Homepage More News
09 Feb 2016


Rural Security

IFA Rural Crime Prevention Executive Colin Connolly sets out six key areas to concentrate on to protect your home from burglary and theft.

Having your house broken into is a traumatic event; knowing that a stranger has been in your home can have a devastating effect on victims of any age.

Everyone’s requirements will be unique but simple steps can help to protect your home in a cost-effective manner without the need for major financial investment.

Doors & windows

Consider fitting a door viewer, door chain and limiter. A lock is only as strong as the door you have. Never leave a key in the door. As far as possible, try to use a letter box that is outside the property on the wall. Always consider your personal and fire safety in terms of any security measures and ensure that you do not create any difficulty in getting out of your home in an emergency.

Make sure that windows are also secure and if they are alarmed, test them. Remember the Velux or roof windows too and any additions to your property, extensions, utility rooms and so on. Consider fitting window restrictors, which are ideal for ventilation – they only allow limited opening and are also an excellent protection for children.


Criminals do not like light; make sure that your property is well lit. Dusk to dawn sensor lights can be very effective. Use timer controlled lights inside the property. Lights around the front door of your property are excellent, they will allow you to see a person’s face through the door viewer – remember a genuine visitor will appreciate the light. If you have a light and it has stopped working. Inspect it to check if it is just a bulb failure or if the failure is malicious.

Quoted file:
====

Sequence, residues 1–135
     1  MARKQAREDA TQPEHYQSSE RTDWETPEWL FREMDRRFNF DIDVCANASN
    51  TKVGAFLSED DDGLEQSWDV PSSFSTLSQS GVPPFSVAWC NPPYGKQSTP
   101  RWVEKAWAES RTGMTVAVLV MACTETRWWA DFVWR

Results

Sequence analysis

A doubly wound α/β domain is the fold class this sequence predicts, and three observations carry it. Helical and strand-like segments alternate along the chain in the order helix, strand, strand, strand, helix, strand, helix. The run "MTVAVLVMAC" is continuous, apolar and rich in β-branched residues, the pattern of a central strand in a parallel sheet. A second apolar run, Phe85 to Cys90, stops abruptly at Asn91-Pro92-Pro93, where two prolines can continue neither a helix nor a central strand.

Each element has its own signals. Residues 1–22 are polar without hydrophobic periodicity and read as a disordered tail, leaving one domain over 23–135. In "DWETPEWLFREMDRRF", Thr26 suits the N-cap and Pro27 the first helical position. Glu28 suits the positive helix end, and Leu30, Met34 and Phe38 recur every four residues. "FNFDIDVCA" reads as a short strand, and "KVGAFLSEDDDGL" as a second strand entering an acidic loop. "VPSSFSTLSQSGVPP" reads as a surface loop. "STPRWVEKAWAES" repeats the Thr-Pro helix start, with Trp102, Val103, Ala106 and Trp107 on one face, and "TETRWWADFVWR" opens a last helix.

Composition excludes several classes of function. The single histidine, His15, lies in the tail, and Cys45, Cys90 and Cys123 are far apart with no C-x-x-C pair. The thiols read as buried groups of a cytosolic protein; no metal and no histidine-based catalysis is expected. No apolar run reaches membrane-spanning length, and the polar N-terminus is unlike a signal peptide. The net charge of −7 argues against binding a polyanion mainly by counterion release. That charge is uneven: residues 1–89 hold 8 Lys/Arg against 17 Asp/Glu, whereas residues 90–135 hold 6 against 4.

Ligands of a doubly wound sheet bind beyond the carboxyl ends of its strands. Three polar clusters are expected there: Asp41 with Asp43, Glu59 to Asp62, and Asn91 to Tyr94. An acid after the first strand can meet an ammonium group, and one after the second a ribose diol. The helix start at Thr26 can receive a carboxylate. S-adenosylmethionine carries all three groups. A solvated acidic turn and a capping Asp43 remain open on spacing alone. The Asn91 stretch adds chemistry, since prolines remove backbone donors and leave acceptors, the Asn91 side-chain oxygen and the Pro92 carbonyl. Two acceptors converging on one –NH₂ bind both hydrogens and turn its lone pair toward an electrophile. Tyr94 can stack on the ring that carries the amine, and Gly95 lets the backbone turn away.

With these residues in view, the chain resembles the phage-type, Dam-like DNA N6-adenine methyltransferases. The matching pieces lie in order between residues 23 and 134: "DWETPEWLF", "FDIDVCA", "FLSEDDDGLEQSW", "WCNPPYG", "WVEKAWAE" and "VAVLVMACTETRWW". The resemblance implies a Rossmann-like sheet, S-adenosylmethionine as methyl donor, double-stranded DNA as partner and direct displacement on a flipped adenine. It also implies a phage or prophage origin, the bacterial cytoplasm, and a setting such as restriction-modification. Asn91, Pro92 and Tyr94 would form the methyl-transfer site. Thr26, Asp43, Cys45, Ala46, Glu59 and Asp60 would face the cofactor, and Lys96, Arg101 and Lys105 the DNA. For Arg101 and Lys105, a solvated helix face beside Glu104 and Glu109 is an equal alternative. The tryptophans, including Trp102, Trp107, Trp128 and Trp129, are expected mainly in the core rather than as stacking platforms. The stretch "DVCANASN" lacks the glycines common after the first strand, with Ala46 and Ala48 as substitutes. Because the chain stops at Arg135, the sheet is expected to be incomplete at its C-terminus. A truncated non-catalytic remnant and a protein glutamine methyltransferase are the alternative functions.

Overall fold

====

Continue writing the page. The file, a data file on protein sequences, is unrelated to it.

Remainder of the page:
Do not leave keys in door locks. Keys can be fished through the letter box with ease. Create safe storage for keys in your home – perhaps a small key locker where keys can be stored when not in use. If keys are left in view they will encourage the criminal.

Valuables and cash

Property that is marked or identifiable is less appealing to a criminal; it is harder to sell on and a criminal does not want to be found with it. Valuable items like jewellery, watches, laptops, and so on should be marked, photographed and recorded. Remember to include these items on your house insurance. In the event of a claim, proof of ownership will be required so keep records.

Do not keep large quantities of cash in your home; use the local post office or credit union to keep cash safe and only withdraw as you need to. Consider a small safe for storing jewellery and personal documents.


Having a working house alarm is very important. There are many security companies that offer this service but you should only use a reputable and registered installer. A monitored alarm is best as they alert designated people in the event of activation.

Test your alarm regularly and make sure you use it at all times. Be aware of the zone functions of your alarm and while home in the evening set the exterior alarm. Even if you are only popping out to the school run or the shop, set the alarm. Teach children how to set the alarm and be aware of the panic alarm button in your home.

Outside items

Sheds, gardens and yards also hold valuable items and the same attention should be given to securing these items.

Some of the most common items stolen are fuel, home heating oil, power tools, lawnmowers and trailers. I would advise people to look at their oil tank; make sure it has a lock fitted and that it is well lit up. Ask yourself how accessible it is. Power tools, lawnmowers, trailers and other items should be marked and their details recorded. Theft Stop is a simple cost effective way of marking and recording your valuable property and machinery. An Garda Siochana communicate with Theft Stop to verify ownership of marked items, so, if a stolen item is located it can be returned to you with ease.

Sheds and outhouses should be secured. Doors should be locked with robust locks and the shed alarmed where possible. Finally a good CCTV system installed by a reputable person will add peace of mind and having CCTV cameras trained on strategic locations on your property will deter criminals.

IFA’s Rural Crime Prevention Executive Colin Connolly is a former member of An Garda Siochana with more than 11 years’ experience in crime investigation and prevention. He is speaking at Kilkenny IFA’s County Executive meeting this month and is also available to speak to rural and community groups around the county.

Get in touch with Colin or sign up for Theft Stop at

Copyright 2015 © - The Irish Farmers Association - Web Design by Big Dog, Dublin